For whatever reasons, the marriage didn’t last, and in 1942 Alfred remarried Dulcie May Boadway, they would have four children.
(For more about Alfred Clayburn Atkey’s Family History, see Time Detective’s blog entry here: A Canadian WW1 Knight of the Air, and his son an Arctic Circle Knight of the Road
World War Two
A Hero’s Grave in a small French Town
Tracing through the generations, sometimes a name stands out that catches the eye. One such was a distant cousin of the Family I was tracing among generations of miners in the Durham Coalfields. Conrad Larnach.
Conrad joined the RAF in WW2, and on the night of 15th August 1943, “The Pride of London” the Lancaster Bomber Conrad was serving in as Bomb Aimer was engaged above France by German fighter Pilot Leutnant Detlef Grossfuss.
The bomber was badly shot up by machine gun and cannon fire, caught alight, and turned upside down in mid-air. Some of the crew attempted to bail out from the burning upended plane, one Sgt Matthews, although badly burned, managed to get out of the plane, open his parachute and evade capture, finding refuge with local French householders who took him to the French Resistance. the Resistance protected him for three months, until a daring night time pickup in November 1943, by an RAF Lysander aircraft allowed him to make his escape back to Britain.
Sgt Matthews reported that he was told by the local French citizens that the Bomb Aimer, Conrad Larnach, had also managed to get out and land by parachute a distance away from the crashed aircraft, but being badly injured was found by a German Patrol. This German Patrol instead of capturing him and taking him back as a prisoner, executed him by shooting him as he lay n the ground injured and defenceless. They then took his body back to the crashed plane to make it look like he had died in the crash. The other members of the crew all appear to have died in the crash having failed to leave the plane. The only body found more or less intact in the plane was Conrad’s reinforcing the story of his execution.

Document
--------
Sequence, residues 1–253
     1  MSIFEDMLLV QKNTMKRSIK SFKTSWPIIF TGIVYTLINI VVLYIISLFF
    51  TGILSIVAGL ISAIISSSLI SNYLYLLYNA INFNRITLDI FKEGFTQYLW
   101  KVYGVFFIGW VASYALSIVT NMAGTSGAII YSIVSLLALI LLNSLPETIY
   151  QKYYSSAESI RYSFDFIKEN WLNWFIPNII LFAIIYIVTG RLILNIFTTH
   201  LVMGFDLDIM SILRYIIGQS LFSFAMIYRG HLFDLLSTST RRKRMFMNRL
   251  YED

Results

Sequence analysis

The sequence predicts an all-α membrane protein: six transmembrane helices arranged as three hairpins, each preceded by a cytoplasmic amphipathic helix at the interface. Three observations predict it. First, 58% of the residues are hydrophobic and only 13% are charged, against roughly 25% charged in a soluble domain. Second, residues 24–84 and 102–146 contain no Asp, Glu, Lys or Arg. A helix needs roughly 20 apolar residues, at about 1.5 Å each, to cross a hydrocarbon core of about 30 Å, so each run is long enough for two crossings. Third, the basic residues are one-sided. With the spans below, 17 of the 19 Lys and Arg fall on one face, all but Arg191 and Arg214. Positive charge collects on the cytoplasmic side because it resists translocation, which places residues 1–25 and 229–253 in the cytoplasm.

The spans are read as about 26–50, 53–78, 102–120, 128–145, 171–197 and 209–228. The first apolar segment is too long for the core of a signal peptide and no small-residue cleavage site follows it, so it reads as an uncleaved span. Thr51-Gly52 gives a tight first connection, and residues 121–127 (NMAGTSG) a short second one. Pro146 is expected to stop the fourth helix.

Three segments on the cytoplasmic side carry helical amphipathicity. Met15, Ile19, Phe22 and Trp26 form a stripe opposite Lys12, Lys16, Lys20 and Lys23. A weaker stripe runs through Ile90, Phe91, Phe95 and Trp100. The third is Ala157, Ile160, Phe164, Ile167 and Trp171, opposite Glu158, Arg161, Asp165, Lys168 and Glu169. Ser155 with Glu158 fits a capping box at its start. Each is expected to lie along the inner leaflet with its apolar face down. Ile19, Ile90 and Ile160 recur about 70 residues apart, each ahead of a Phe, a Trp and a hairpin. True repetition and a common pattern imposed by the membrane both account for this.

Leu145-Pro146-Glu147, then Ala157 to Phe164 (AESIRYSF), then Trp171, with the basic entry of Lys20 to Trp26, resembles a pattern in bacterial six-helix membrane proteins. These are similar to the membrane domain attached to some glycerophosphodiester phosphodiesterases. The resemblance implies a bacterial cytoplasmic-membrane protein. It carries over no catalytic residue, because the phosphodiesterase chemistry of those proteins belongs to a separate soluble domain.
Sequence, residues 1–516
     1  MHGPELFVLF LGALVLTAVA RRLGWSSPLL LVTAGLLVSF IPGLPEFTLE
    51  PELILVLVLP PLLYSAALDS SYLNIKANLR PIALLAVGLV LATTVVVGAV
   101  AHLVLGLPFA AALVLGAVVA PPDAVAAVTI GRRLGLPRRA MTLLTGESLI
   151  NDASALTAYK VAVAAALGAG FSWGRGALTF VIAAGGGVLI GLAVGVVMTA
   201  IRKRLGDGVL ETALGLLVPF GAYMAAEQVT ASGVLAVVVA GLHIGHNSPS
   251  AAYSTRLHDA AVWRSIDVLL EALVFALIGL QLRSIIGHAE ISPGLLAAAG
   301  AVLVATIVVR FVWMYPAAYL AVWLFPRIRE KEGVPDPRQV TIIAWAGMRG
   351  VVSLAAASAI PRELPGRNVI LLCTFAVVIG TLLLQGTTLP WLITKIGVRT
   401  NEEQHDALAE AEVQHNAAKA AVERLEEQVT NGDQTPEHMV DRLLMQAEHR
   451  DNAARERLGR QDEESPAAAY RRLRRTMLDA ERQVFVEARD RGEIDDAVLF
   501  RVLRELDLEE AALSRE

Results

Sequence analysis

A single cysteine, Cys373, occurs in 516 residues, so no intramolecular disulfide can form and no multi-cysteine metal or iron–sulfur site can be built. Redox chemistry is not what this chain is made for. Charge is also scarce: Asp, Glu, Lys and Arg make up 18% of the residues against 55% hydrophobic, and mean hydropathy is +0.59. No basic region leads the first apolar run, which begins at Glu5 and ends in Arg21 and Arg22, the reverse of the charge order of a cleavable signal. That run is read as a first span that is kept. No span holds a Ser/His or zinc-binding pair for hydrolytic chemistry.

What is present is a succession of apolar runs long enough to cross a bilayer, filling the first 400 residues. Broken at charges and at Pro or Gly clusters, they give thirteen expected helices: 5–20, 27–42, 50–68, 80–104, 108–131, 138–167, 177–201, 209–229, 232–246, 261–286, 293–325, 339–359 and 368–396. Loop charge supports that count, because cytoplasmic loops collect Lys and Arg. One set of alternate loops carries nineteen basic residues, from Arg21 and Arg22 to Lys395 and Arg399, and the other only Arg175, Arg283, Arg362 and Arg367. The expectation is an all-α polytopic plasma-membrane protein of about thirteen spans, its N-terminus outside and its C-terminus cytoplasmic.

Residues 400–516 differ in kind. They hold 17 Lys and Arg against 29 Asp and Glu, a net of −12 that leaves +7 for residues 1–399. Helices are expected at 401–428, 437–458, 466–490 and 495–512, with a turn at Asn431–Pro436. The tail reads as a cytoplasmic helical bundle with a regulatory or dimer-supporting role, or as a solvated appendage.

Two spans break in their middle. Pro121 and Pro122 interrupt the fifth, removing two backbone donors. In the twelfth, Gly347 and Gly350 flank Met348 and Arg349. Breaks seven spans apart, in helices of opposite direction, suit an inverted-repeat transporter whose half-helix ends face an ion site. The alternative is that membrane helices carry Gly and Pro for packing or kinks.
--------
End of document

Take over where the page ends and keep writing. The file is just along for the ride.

The Germans buried the remaining bodies in the local cemetery at Rugles, and forbade the local French citizens from attending. However at daybreak the following day the Germans were shocked to see that the locals had risked arrest and execution to come out in the night to cover the Airmens’ graves in flowers.
A local French teenager also reported that for a few days after the crash, he saw a German Luftwaffe Officer come to the sight of the crash every morning to stand in silence looking at the wreckage before standing to attention, saluting, and walking away. His identity is not known, but he may have been Leutnant Detlev Grossfuss the Pilot who had shot the Lancaster down.
The Grave is still tended in immaculate condition at Rugles in Haute-Normandie.
By a very strange coincidence I was holidaying in Normandy a few years ago, and stood in front of this grave at the time. To see the affection that the French citizens of the village had lavished on the plot in gratitude for the young men’s sacrifice, still to this day, was truly touching.
The photos included here were found at: http://www.aircrewremembered.com/matthews-victor.html